2. The apparatus of claim 1, further comprising:
- an analog to digital converter (ADC) to convert the resistance to a digital value.
3. The apparatus of claim 1, wherein the sense capacitor, the first node, the second node, the first switch, the second switch, and the transistor are integrated on a printhead, and the controller is a printer controller.
4. The apparatus of claim 1, further comprising a third switch to couple the first and second nodes to ground to discharge the sense capacitor and the reference capacitor prior to coupling the first voltage to the first node.
5. The apparatus of claim 1, further comprising a third node coupled to the first voltage through the first switch to prevent a parasitic capacitance between the first and third nodes from charging.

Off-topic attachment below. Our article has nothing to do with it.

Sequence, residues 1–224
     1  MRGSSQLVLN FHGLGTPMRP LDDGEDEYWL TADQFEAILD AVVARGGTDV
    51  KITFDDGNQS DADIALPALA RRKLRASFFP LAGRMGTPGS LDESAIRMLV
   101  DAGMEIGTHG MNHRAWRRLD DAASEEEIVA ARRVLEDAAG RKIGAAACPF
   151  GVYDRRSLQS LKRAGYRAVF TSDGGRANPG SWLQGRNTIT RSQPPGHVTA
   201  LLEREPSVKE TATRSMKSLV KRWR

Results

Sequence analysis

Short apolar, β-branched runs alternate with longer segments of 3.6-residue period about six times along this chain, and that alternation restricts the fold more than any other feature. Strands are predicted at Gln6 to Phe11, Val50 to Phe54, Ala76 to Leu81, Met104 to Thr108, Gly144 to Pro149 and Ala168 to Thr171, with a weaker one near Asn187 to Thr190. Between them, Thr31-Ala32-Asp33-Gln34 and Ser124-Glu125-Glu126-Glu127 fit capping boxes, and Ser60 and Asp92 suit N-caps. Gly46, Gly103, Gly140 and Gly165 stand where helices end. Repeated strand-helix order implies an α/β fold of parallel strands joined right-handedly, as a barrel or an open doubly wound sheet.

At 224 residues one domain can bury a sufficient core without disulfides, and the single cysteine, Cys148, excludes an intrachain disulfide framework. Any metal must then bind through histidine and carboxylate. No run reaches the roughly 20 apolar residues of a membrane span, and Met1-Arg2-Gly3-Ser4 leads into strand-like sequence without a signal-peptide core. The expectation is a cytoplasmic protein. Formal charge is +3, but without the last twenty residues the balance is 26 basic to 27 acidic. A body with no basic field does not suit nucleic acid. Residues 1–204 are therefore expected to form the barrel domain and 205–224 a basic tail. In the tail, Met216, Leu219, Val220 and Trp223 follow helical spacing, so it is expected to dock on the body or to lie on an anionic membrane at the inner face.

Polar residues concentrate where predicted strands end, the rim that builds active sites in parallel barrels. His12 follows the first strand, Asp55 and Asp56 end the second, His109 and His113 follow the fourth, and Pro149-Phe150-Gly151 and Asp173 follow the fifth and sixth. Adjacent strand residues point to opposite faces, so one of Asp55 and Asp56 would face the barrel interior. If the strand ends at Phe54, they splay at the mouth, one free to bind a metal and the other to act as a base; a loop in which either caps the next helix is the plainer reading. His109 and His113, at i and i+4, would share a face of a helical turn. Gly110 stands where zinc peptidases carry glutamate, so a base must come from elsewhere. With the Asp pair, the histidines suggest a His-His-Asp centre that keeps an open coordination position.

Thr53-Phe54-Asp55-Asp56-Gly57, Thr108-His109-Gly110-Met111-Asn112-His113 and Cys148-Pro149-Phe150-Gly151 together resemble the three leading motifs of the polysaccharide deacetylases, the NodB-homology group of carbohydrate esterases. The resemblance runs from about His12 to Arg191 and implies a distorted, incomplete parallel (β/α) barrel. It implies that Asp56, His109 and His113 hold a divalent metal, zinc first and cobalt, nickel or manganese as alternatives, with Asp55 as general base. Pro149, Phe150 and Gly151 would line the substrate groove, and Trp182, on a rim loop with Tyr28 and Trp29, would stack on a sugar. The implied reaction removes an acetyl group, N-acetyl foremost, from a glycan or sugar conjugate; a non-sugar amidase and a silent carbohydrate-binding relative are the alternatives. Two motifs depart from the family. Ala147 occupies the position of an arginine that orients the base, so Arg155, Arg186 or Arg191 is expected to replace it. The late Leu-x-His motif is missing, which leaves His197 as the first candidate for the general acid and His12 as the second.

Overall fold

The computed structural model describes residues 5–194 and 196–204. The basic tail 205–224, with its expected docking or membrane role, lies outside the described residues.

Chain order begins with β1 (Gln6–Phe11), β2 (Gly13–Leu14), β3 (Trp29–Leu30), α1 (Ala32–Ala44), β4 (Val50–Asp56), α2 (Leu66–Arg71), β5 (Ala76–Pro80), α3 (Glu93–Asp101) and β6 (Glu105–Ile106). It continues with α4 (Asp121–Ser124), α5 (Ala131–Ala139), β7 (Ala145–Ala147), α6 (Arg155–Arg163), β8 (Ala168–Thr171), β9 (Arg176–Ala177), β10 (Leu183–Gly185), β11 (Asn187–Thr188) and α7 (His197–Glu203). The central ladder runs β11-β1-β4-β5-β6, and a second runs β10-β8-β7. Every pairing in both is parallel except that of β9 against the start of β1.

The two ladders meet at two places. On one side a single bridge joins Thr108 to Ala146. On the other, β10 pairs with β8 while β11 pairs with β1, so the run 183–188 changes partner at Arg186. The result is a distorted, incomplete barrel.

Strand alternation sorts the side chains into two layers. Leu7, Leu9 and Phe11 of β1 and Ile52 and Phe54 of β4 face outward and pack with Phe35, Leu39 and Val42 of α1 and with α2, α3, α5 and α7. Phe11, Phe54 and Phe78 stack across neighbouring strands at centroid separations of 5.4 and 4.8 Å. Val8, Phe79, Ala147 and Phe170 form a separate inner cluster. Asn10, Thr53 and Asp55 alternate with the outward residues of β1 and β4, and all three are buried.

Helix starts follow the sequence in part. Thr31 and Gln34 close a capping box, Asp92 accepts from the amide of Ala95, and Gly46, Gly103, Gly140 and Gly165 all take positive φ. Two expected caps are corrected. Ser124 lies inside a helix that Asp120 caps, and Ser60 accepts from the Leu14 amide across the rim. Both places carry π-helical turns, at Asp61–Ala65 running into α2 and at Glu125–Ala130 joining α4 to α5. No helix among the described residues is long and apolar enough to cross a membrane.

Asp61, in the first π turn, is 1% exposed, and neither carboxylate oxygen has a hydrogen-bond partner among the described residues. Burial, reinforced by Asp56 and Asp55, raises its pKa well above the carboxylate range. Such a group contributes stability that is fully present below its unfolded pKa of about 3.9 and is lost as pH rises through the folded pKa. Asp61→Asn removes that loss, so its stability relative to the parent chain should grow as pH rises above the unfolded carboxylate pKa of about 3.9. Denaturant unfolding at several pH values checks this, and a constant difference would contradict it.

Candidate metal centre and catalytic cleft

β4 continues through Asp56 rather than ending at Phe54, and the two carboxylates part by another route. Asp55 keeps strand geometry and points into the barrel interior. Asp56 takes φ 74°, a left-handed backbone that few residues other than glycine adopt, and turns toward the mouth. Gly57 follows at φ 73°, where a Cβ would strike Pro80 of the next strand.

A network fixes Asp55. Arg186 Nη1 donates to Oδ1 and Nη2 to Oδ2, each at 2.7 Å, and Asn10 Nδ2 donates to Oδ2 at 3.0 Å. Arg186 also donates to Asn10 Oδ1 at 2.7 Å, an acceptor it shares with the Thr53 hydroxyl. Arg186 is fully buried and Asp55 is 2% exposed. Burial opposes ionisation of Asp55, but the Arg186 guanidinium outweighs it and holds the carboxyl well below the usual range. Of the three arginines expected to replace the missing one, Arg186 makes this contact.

6. The apparatus of claim 1, wherein the sense capacitor comprises:
- a metal layer;
- a passivation layer over the metal layer; and
- a substance within a chamber above the passivation layer.
7. The apparatus of claim 6, wherein the substance comprises a fluid in the chamber.
8. The apparatus of claim 6, wherein the metal layer is part of a resistor firing element.
9. The apparatus of claim 1, wherein the controller is to calculate the resistance by:
- measuring the voltage at the drain of the transistor; and
- calculating the resistance from the current and the voltage at the drain of the transistor.
10. The apparatus of claim 9, wherein the controller is to determine an ink level by comparing the resistance with a group of resistances that have predetermined associated ink levels.
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Filed: Feb 2, 2017
Date of Patent: Aug 13, 2019
Patent Publication Number: 20170144451
Assignee: HEWLETT-PACKARD DEVELOPMENT COMPANY, L.P. (Spring, TX)
Inventors: Ning Ge (Palo Alto, CA), Trudy Benjamin (Portland, OR), Teck-Khim Neo (Singapore), Joseph M. Torgerson (Philomath, OR), Neel Banerjee (Corvallis, OR), George H. Corrigan, III (Corvallis, OR)
Primary Examiner: Shelby L Fidler
Application Number: 15/423,260
International Classification: G01F 23/26 (20060101); B41J 2/175 (20060101); B41J 2/14 (20060101);